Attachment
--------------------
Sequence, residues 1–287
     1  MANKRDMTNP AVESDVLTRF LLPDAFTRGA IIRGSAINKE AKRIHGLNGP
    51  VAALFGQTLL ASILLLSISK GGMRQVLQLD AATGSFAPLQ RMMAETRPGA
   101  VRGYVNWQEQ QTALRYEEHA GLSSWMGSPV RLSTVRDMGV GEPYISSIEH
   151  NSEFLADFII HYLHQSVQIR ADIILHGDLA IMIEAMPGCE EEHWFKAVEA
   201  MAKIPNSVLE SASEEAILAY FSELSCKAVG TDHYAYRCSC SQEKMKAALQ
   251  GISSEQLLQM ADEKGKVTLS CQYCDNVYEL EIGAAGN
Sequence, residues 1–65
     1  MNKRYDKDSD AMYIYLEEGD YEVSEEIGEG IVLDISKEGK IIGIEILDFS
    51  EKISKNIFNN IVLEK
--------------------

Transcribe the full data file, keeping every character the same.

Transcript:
Sequence, residues 1–287
     1  MANKRDMTNP AVESDVLTRF LLPDAFTRGA IIRGSAINKE AKRIHGLNGP
    51  VAALFGQTLL ASILLLSISK GGMRQVLQLD AATGSFAPLQ RMMAETRPGA
   101  VRGYVNWQEQ QTALRYEEHA GLSSWMGSPV RLSTVRDMGV GEPYISSIEH
   151  NSEFLADFII HYLHQSVQIR ADIILHGDLA IMIEAMPGCE EEHWFKAVEA
   201  MAKIPNSVLE SASEEAILAY FSELSCKAVG TDHYAYRCSC SQEKMKAALQ
   251  GISSEQLLQM ADEKGKVTLS CQYCDNVYEL EIGAAGN
Sequence, residues 1–65
     1  MNKRYDKDSD AMYIYLEEGD YEVSEEIGEG IVLDISKEGK IIGIEILDFS
    51  EKISKNIFNN IVLEK